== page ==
We at Hand & Lock are excited to announce a unique opportunity to own a stunning piece of history – an exquisitely crafted hand-embroidered Royal coat of arms of the United Kingdom, designed exclusively for the Queen’s Diamond Jubilee held on the 3rd June 2012. The embroidered coat of arms was approved by the Garter Principal King of Arms, Thomas Woodcock, giving it the utmost heraldic authenticity.
Adopted in 1837 after the accession of Queen Victoria – the current Royal coat of arms is an extraordinarily salient vestige of British heraldry, spanning centuries of regency. Seen all over the world, the Royal Coat of Arms is for the sole use of the Queen, known as her Arms of Dominion, in designating offices whom have been chosen as her majesty’s representatives for areas of consummate importance such as the UK Courts of Law. It can also be seen as the official symbol of the UK Government on myriad authoritative documents and statements. The helm, however, is removed as it is reserved exclusively for usage of the monarchy. This is a truly exciting piece for any collector or enthusiast in the market for a true sovereign piece of British history.
Hand & Lock, providing embroidery for monarchies worldwide since 1767, were commissioned to create this magnificent piece to commemorate Queen Elizabeth II’s Diamond Jubilee. Our artisan work on the Royal thrones and banners was shown to millions across the world as the Royal Barge travelled down the Thames in celebration of our distinguished monarch’s 60th anniversary to the accession of the throne.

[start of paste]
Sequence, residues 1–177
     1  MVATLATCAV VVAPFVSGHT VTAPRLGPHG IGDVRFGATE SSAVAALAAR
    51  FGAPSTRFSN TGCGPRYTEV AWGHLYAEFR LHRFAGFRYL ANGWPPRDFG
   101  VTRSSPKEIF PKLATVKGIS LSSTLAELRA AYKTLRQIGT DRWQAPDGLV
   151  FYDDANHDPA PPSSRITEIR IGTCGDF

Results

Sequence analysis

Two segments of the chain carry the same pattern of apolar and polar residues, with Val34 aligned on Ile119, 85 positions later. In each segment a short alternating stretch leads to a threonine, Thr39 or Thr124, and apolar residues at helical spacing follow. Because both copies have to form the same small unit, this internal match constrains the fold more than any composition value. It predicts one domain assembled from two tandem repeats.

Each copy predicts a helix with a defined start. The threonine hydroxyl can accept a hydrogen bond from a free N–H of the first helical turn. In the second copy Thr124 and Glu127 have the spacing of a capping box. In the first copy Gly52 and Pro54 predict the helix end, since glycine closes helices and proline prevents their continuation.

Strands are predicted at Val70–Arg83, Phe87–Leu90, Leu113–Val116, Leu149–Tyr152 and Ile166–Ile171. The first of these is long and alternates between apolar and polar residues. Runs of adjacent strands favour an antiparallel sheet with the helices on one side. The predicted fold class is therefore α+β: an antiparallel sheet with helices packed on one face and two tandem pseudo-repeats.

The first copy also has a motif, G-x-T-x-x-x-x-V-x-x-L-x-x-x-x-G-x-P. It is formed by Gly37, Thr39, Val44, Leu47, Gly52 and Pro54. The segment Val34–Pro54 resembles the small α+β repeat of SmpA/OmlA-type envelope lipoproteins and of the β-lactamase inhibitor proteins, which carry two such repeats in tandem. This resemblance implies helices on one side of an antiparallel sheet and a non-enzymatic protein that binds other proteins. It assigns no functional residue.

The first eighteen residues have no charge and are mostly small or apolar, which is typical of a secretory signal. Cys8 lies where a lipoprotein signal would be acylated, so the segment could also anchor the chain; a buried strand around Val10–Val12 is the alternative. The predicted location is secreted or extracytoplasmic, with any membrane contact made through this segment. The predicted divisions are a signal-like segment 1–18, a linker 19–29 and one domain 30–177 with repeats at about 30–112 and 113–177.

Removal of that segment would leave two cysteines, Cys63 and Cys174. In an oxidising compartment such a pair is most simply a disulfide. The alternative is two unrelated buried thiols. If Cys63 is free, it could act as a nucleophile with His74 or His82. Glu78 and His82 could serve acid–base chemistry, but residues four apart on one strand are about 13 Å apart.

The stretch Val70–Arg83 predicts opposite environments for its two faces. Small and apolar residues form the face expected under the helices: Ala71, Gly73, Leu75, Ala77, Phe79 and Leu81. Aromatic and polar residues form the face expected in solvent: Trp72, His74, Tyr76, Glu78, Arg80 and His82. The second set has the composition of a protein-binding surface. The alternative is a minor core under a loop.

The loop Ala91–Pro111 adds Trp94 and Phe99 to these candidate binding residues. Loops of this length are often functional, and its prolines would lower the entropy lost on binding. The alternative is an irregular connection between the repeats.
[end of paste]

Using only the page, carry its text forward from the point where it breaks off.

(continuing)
The majestic Royal coat of arms measures 19” x 17” and is backed on to high-quality luxurious red velvet. The work was made using a variety of hand-embroidery techniques; using a combination of goldwork and silkwork, with some areas rendered in appliqué. The crowned lion is wrought in goldwork – this intricate and advanced technique entails passing a needle and thread through a gold wire, in the case of the lion, Purl. The Purl is then cut to size and couched down upon the prepped area using soft string padding. To create depth and relief, a further material known as bump is used. Silkwork is also utilised to produce other areas of the coat of arms such as the Lion’s claws and Royal crown. Areas such as the shield, garter, and mound are edged using goldwork, however a different type of wire is used known as Purl pearl, giving an appearance that closely resembles a string of pearl-like beads. Appliqué is utilised for areas with a large backdrop with cloth of gold and silver used as a strong reference to traditional ceremonial embroidery for the monarchy.
For more information regarding pricing and availability, please contact us either by email at firstname.lastname@example.org or telephone on 020 7580 7488. Alternatively you can visit our London-based studio to view this stunning piece in all its glory.